ANCHORAGE - Eight former winners of the world's longest, toughest snowmachine race - including defending champion Todd Palin, husband of Gov. Sarah Palin - have signed up to run the 2008 Tesoro Iron Dog, but arguably the best known Iron Dog racer of all is out.
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Seven-time champion John Faeo of Wasilla has decided it's time to give his 51-year-old body a break from the pounding on the rough, nearly 2,000-mile trail from Wasilla to Nome to Fairbanks. Faeo won his first Iron Dog in 1984 and his last in 1996. Between 1986 and 1991 he was virtually unbeatable, winning five of the six Iron Dogs in that stretch. In all, he raced 23 times.
"It's hard to run with those kids," Faeo said. "You just don't bounce back as quick."
Faeo has threatened to retire from the Iron Dog for several years. Breakdowns each of the past three years to his Polaris snowmachine was one reason he finally decided to walk away.
Putting in time, money and energy preparing - only to break down - was heartbreaking, he said.
Faeo is farsighted, which means he needs to wear glasses to read a GPS, necessitating stopping.
"Little things like that get annoying," he said.
The Iron Dog has changed significantly during Faeo's tenure - from a race in which drivers carried everything they needed with them and could receive no outside support, to the heavily sponsored, heavily supported race it is today.
"We'd load our machines with all kinds of spare parts, not knowing what you'd need," he said. "Now, you can limp into the next checkpoint, have a part flown in, bolt it on, and go.
"What's happened is, it's become a sprint race from checkpoint to checkpoint," he said. "Guys go ballistic. And those guys are hard to beat."
Faeo's partner last year, 28-year-old Wasilla rider Todd Minnick, is teaming up with another young Wasilla rider - former Iron Dog champ Nick Olstad, 25 - to take a run at the old guys who won last year.
That would be Palin, 43, and 48-year-old Scott Davis, the only racer other than Faeo with seven victories.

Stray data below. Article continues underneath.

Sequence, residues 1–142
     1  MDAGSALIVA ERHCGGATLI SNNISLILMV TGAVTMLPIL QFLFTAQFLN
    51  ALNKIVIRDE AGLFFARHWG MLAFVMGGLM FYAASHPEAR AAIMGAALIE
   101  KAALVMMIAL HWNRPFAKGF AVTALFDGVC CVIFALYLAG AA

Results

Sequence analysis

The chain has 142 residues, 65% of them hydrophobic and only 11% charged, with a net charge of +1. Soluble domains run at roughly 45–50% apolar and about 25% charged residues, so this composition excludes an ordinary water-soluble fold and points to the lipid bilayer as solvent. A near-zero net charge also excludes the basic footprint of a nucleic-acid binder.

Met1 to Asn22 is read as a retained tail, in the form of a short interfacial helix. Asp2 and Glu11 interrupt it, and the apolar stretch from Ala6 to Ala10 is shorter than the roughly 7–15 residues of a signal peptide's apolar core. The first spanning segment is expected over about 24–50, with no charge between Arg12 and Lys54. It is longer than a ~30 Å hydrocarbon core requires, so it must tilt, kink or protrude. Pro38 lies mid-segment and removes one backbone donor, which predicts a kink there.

Davis, a Soldotna businessman who raced with a variety of teammates before hooking up with Palin, could become the top Iron Dog racer in wins. It isn't expected to be easy.
The Iron Dog already has a record number of pro-class entries with 80 riders in 40 teams. Racers are required to pair up for safety because of the dangers of high-speed travel across remote terrain.
Among the notables in the field:
2006 champs Andy George of Wasilla and Dwayne Drake of Fairbanks.
Three-time winner Dusty VanMeter of Soldotna, the only racer with the distinction of winning both the Iron Dog and the Iditarod, albeit the Junior Iditarod Sled Dog Race.
2005 champs Mark McKenna of Anchorage and Olstad of Wasilla, who won't be racing together this year.
In the ever-shifting world of Iron Dog partnerships, Olstad joined Minnick, while McKenna has hooked up with Iron Dog veteran Eric Quam of Eagle River.
Quam, like Vanmeter's new sidekick, Jimmer Dick of Seward, is one of those racers who has come close to Iron Dog victory but never reached the winners' circle. He was second in 2002, the same year Dick posted his best finish in fourth place.
Both are experienced racers who've won elsewhere, but winning the Iron Dog takes more than knowing how to go fast.
On the often bad trail, a winner needs to be able to ride a thin line between fast and destructive. Go too fast, and something irreparable is likely to break. Go too slow, and someone else will get to the finish line first.
Of course, it helps to have luck, a knowledge of snowmobile design and engineering, a fast hand with a wrench and an ability to jury-rig. Along the trail, almost every team breaks something, and racers are required to be their own mechanics, body repairmen and even, in a few cases, doctors.
The difficulty and the danger have, in past years, scared off most competitors from Outside, but so far this year, Iron Dog Executive Director Laura Bedard reported nine are signed up to join the Alaskans on the trail. They helped swell the record number of rookie pro-class teams to 23.
All told, Bedard reported 91 riders are entered so far - one more than the number of drivers for the Iditarod Trail Sled Dog Race - with 80 of them in the pro class and another 11 in the trail class.
That is shy of a record, she added. There were 121 riders in 1999 when the ranks of the Iron Dog were swelled by 47 trail class riders. The trail class goes only as far as Nome on the Bering Sea and flies back from there.
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